image courtesy of Flickr, Robert Francis, https://www.flickr.com/photos/robertfrancis/4533856142 (CC BY-NC-SA 2.0)

Are you a digital hoarder?

Recently, I read an article about digital hoarding  (can’t remember Samuel Ritchie-Russellwhere though). I have to admit, I save emails I don’t really need to – just in case – and the number of photos I have on my smart phone…. (mainly of my hairy child, Samuel – here’s one for you).  It made me think about the number of iLearn units that I have seen with content still labelled Blackboard or Moodle Migration Report from the migration in 2011, and unit guides (hidden of course) from the 1970s. OK, maybe I’m exaggerating a touch, but you get the idea.

So you might hide these kinds of documents on your iLearn site, thinking it’s OK because students can’t see it.  You still can, though and it creates extra visual clutter, when many people already struggle to maintain concentration when staring at a computer screen.   Studies show that visual clutter can have an impact on the brain’s ability to process and interpret information (read more – references below).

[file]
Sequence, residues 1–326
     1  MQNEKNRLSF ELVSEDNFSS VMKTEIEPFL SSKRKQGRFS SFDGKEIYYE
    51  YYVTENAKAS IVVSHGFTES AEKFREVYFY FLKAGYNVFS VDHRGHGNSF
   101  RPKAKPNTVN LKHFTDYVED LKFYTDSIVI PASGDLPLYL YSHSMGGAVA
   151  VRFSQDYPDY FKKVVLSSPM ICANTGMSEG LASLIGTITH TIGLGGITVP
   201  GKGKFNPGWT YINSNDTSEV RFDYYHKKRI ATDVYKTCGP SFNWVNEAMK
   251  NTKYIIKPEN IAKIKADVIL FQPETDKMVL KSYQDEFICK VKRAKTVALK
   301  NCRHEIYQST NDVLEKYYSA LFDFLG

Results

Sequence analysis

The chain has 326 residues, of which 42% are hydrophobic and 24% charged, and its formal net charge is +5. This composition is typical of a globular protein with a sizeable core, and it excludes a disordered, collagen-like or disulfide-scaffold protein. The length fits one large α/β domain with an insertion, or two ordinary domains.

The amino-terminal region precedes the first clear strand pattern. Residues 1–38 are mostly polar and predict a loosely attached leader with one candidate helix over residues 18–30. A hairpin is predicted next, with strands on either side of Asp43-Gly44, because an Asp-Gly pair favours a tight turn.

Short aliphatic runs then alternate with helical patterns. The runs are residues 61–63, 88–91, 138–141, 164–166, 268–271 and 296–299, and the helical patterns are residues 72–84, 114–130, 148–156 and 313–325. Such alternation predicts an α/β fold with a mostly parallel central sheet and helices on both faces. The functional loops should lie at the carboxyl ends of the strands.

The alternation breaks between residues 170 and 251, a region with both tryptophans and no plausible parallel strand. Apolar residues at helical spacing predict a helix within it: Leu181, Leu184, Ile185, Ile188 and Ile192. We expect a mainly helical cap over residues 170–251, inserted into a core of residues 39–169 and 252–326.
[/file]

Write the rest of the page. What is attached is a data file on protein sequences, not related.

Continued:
Now is a perfect time to give your iLearn unit a spring clean, delete old content and feel liberated!  Many people have some level of anxiety about deleting files, but you probably already have copies of these saved on your computer, a USB stick and maybe in the cloud too.  So I challenge you to ask yourself (and be honest) do you really need to keep that hidden copy of your lecture slides from three years ago in your current iLearn unit?

Screen Shot to untick show file size and typeOh, one last visual clutter tip for iLearn – when adding a file, scroll
down to and click on Appearance.  Un-tick Show size and Show type. Scroll to the bottom and  save.

Which do you prefer?  Screen shot file info
It’s a few extra clicks but your brain will thank you for it.

References:
Asher, J. , 1998, Focusing attention cancels brain-dampening effects of visual clutter, National Institutes of Health12/02/2015, http://www.nih.gov/news/pr/oct98/nimh-01.htm
McMains, S. &  Kastner, S. 2011 Jan , Interactions of top-down and bottom-up mechanisms in human visual cortexPrinceton Neuroscience Instituteviewed 12/02/2015, http://www.ncbi.nlm.nih.gov/pubmed/21228167

 

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